Andrés, a James Beard Award-winning chef credited with popularizing tapas in the United States, founded the organization in 2010 in response to the 7.0 magnitude earthquake in Haiti. Since then, WCK continues to assist those in need around the world.
“Just doing our small part to assist during this difficult time. @WCKitchen will be there working side by side with everyone on the ground as long as we are needed,” Andrés tweeted Monday, adding the hashtag “#HanginthereDiamondPrincess.”
Beginning with lunch Tuesday, Andrés’ crew prepared food off-site and used a forklift to load food into cruise ship to help alleviate the workload for Diamond Princess crew members who “just have to distribute the food – they don’t have to make the food,” WCK field operations director Sam Bloch said in a video update.
Princess Cruises announced in an update that WCK meals will be “integrated” into food service options for passengers for breakfast, lunch and dinner, “accommodating all dietary requirements.”
Andrés’ team frequently transports itself to locations struggling through crises, offering quality meals to those struggling. In 2017, the WCK headed to Puerto Rico in the aftermath of Hurricane Maria, where volunteers served 3.7 million meals. Last January, Andrés stationed a kitchen in Washington, D.C., to feed federal employees out of work during the government shutdown. More recently, the team has been in Australia helping bushfire victims.
“Definitely a different situation here,” Bloch added. “We’ve really just been in support of the cruise line and the different agencies that have the really hard job and decisions ahead of them. It’s definitely a different situation for us. But then again, every disaster, every immigration crisis, every situation that we address is a unique and different situation. Every one has its own challenges that we are able to quickly adapt (to) and figure out.”
As the Diamond Princess cruise ship approaches the end of its coronavirus quarantine Feb. 19, some Americans have already departed the ship.
Two planes took a total 328 people to military bases in California and Texas Sunday; 14 of the evacuees were allowed to fly back to the United States despite testing positive for coronavirus, the U.S. State Department and Health and Human Services said in a joint statement.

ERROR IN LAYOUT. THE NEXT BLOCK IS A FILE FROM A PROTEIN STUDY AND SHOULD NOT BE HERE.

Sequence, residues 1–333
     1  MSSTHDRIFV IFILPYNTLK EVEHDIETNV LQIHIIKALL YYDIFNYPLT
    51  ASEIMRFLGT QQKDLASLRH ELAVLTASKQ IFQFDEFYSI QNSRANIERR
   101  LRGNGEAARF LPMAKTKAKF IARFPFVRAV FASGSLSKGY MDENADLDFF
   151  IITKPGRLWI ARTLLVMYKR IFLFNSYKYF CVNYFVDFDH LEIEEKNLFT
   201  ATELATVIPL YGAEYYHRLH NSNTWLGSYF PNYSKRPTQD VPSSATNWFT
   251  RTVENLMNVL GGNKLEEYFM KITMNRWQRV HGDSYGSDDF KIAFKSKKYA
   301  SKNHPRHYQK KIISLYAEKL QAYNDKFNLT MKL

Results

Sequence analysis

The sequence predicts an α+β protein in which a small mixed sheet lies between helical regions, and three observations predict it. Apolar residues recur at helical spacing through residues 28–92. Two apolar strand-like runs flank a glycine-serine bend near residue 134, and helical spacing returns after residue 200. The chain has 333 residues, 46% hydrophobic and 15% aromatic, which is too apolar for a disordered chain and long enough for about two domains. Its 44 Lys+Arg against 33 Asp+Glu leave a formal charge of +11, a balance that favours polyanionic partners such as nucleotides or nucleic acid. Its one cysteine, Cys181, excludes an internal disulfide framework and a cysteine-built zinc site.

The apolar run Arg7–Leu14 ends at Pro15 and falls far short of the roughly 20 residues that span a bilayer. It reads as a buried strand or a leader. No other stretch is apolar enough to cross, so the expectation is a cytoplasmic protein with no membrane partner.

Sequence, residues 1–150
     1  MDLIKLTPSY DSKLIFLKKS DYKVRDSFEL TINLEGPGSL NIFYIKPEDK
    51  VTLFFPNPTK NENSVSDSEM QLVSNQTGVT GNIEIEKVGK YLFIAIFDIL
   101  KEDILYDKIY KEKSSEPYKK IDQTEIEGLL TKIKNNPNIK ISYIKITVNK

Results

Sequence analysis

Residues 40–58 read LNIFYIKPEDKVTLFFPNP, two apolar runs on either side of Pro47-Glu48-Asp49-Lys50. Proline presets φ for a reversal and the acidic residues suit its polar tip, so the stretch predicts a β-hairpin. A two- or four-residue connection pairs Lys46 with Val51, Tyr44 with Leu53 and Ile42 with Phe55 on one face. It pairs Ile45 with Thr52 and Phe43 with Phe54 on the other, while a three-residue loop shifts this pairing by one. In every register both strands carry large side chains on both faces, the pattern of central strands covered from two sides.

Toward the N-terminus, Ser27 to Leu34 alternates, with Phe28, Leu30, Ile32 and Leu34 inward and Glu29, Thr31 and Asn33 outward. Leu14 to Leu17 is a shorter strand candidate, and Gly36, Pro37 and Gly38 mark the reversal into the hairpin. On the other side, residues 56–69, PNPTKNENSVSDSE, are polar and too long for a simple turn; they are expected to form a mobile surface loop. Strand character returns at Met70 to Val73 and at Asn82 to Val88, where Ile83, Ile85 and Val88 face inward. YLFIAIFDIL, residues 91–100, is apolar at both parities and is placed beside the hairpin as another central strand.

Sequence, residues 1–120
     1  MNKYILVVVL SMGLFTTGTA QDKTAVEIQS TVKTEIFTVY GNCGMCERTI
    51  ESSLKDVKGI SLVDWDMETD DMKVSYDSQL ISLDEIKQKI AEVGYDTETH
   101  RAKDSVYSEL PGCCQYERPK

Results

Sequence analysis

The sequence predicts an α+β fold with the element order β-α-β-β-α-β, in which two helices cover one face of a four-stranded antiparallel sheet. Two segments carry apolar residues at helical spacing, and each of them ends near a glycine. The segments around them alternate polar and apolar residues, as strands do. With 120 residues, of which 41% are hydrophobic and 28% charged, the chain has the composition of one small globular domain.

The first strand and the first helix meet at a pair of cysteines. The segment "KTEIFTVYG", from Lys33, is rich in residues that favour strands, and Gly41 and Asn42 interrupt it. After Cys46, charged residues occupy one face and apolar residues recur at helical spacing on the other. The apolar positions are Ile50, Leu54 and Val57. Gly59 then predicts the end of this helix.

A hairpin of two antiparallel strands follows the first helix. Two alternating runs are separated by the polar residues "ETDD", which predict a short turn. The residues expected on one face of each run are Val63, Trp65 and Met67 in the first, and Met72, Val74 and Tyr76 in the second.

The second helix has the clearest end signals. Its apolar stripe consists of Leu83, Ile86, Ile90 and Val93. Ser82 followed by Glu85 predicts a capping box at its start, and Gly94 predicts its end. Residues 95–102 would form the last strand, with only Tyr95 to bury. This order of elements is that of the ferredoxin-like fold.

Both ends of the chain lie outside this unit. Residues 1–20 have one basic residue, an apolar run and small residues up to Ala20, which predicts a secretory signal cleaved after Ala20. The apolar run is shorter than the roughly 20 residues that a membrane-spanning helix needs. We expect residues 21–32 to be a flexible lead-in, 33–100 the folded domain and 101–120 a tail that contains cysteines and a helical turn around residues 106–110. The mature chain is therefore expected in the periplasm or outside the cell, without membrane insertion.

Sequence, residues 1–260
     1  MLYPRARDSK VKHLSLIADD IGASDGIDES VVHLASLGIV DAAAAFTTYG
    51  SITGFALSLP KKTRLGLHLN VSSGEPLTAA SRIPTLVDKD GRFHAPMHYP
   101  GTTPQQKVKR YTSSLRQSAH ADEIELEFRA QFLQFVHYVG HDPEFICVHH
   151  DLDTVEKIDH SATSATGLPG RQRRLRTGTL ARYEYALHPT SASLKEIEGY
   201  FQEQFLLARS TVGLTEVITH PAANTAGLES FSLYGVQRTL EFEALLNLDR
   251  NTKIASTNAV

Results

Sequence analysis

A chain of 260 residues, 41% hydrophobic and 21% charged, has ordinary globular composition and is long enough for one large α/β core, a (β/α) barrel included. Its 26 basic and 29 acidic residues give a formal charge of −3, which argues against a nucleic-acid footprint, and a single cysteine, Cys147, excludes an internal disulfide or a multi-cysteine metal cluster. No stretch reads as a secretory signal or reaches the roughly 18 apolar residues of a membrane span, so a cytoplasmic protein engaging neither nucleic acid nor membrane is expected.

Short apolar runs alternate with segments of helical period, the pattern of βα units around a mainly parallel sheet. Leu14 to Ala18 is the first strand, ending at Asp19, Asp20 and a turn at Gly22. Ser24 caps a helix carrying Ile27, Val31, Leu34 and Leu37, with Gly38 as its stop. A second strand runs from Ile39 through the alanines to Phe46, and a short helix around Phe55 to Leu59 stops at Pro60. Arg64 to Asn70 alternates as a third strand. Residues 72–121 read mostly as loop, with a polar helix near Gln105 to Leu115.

Thirteen high-risk passengers have since been transferred to a biocontainment facility in Omaha, Nebraska.
Dr. Anthony Fauci, director of the National Institute of Allergy and Infectious Diseases at the National Institutes of Health, told the USA TODAY Editorial Board and reporters Monday that the original idea to keep people safely quarantined on the ship wasn’t unreasonable. But even with the quarantine process on the ship, virus transmission still occurred.
“The quarantine process failed,” Fauci said. “I’d like to sugarcoat it and try to be diplomatic about it, but it failed. People were getting infected on that ship. Something went awry in the process of the quarantining on that ship. I don’t know what it was, but a lot of people got infected on that ship.”
As of Tuesday, 542 cases of the virus have been identified among the 3,711 quarantined passengers and crew, making the ship the site of the most infections outside of China.
Those who came back to the U.S. a couple of days ahead of the end of the ship’s quarantine likely will have to restart the clock on a new 14-day quarantine.
The Princess Cruises ship was carrying 2,666 guests and 1,045 crew when it set sail and was quarantined after 10 cases of coronavirus were reported Feb. 4. About 380 Americans were on the cruise ship, and some chose not to end the quarantine early.
Meanwhile, some passengers who had disembarked Holland America’s MS Westerdam in Cambodia Friday were still stuck in limbo.
According to Holland America Line, an 83-year-old American woman who departed from Westerdam on Friday later reported feeling ill at the airport in Kuala Lumpur, Malaysia, and tested positive for coronavirus, according to a release from the cruise line shared with USA TODAY by Buck Banks.
Dr. William Walters, the director of operational medicine at the U.S. State Department, told reporters Monday afternoon that 260 American citizens remain in hotels in Cambodia pending onward travel, and 92 more are on board the MS Westerdam. Around 300 Americans left Cambodia after testing under their ministry of health.
Holland America said that as of Monday 255 passengers and 747 crew members remained on the MS Westerdam, which is docked in Sihanoukville, Cambodia. The cruise ship, which didn’t have any cases of coronavirus reported during the voyage, had been turned away from multiple ports.
As of Tuesday morning, over 73,336 people have contracted coronavirus worldwide and 1,874 have died, according to Johns Hopkins data.
Contributing: The Associated Press